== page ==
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Wednesday, June 23, 2010

Seeing Both Sides Of - Fences - Play Reviews

Fences - The Huntington at BU Theatre - Boston, MA - **** (out of 5 stars)
Written by August Wilson, Directed by Kenny Leon
Closed Oct. 11th 2009

Fences - Cort Theatre - Broadway, New York, NY - **** (out of 5 stars)
Written by August Wilson, Directed by Kenny Leon
Closes Jul. 7th 2010


I saw two productions of Fences in the past theatre season. One in Boston, one on Broadway. One with some TV character actors. One with big movie stars. Same play. Same director. Two very different productions. Yet both terrific and thrilling pieces of theatre.

But if I had to choose a side, and avoid sitting on the fence, I would lean just slightly enough (to avoid getting a wedgy) to the less starry cast at the Huntington production. As fantastic as the Broadway cast is and as terrific as the star(/stunt?)-casting of Denzel and Viola Davis have been, I found the less famous actors in Boston to give a more emotionally nuanced and gripping performance and with Leon's very different take, the entire Boston production was ultimately more heart-wrenching. However, I do recognize that it may have also been because it was the first time I saw August Wilson's Pulitzer-winning play (part of his ten-play cycle of the African-American experience in the 20th century), the the twists and shocks were more surprising the first time around.

In Boston, John Beasley (Everwood) and Crystal Fox (In the Heat of the Night) give a more aged approach to the role of long married couple Troy and Rose.

Beasley's Troy is way past his prime and it gives his regrets, and his current mistakes an even heartier, more regretful longing.

Beasley and Fox's Troy and Rose have a loving comfortable relationship with just enough zest that you can see why they lasted together this long, despite Troy's lingering regrets and mistakes.

Beasley's Troy is slow and steady, thunderous and beastly. His power increases with his years aging along his garbage truck route, and his stronghold over his son Cory (a terrific Warner Miller) is built on a forced respect.

Crystal Fox's Rose is loving and no-nonsense but understanding and it makes Troy's constant mistakes all the more heartbreaking as Rose keeps bearing the brunt. It's such a loving performance and its power is in its subtle approach against Beasley's soft gruffness.

The ensemble cast who include Bill Nunn (Spider-Man 1,2,3, The Job) as a terrific Gabriel, Troy's mentally handicapped brother, Eugene Lee as best friend Bono, Brandon J. Dirden as first son Lyons, and Warner Miller, formed a perfect balance, and with Marjorie Bradley Kellogg's terrifically plain scenic design and Ann Wrightson's lighting anchors the play in a realistic 1950's Pittsburgh. Simple, struggling (but not poor), but proud.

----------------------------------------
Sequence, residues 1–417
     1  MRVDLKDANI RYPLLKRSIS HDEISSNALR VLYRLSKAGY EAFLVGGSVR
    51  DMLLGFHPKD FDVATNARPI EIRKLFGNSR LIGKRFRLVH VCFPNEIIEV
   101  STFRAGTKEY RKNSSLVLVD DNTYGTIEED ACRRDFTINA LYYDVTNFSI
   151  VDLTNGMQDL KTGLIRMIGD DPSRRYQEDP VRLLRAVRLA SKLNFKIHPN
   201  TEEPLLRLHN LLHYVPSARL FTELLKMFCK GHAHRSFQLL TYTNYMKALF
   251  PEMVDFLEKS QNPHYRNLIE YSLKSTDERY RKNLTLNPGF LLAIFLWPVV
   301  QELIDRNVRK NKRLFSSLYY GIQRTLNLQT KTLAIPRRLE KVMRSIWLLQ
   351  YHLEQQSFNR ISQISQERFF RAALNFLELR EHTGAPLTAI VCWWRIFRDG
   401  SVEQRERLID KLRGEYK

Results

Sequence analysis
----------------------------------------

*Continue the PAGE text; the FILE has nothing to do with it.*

Warner Miller gives a confident performance as Cory and his relationship with his father, the core of Fences is quite devastating in it's simplicity and family drama. It feels honest and like a truthful peak into this families dynamics.


On Broadway, Denzel Washington (no reference necessary) and Viola Davis (Doubt, The United States of Tara) give a younger, more youthful spin on Troy and Rose. Denzel is light on his feet and his tall and lean stature gives his Troy a power from idolizing respect, and it means his mistakes in life are made from poor decisions.

Troy's marriage to Rose is the best decision he's made, but his regrets from a baseball career that never was clouds over his relationship with his son Cory (an also terrific Chris Chalk). Denzel gives an automatic charisma of a player that never got to play, and its built up simmering leads him to his devolving relationship with son Cory and gives the sparks that fly between him and wife Rose.

The command that Denzel Washington and Viola Davis brings to the stage, with a glossier set by Santo Loquasto (Onegin, Ragtime) that has a bit more sheen than the Boston version and some beautiful lighting, lifts this troubled family into a brighter limelight. Troy and Roses' house is depicted slightly nicer, slightly more nostalgic and the entire production feels more like a Greek tragedy, with some bolder moves. This is no longer a typical neighborhood in 1950's Pittsburgh but a family devolving into an epic outcome (including a final moment that finishes off the epic tragedy nicely).


Stephen McKinley Henderson's Bono is a wonderfully lovable buddy. Chris Chalk's Cory is plucky and charming but his strained relationship with his father is built on fear. Russell Hornsby's Lyons comes in all swaggering and cocky that gives his father Troy reason for questioning doubt. While Mykelti Williamson's Gabriel is playful but feels almost forgotten by Denzel's Troy.

There are times when Denzel's charismatic and handsome face pulls you out from believing him as a failure and a plain, but his performance is forceful and gives Troy a stubbornness that suits the powerful man he knows he should have been.

The star power Denzel automatically imbues Troy with makes the devastation he causes to Rose and his family all the more devastating but it also feels like karmic justice, and I felt more heartbroken from Beasley's Troy and Fox's Rose in their softer interpretation.

Either way, it's amazing how two great casts and one great director have pulled two very different aspects from one Pulitzer-winning play. Again, I felt the Boston cast united a bit better to give a cohesiveness to the production but each production had its benefits, and each casts helped define its different approaches.

Vance at http://tapeworthy.blogspot.com

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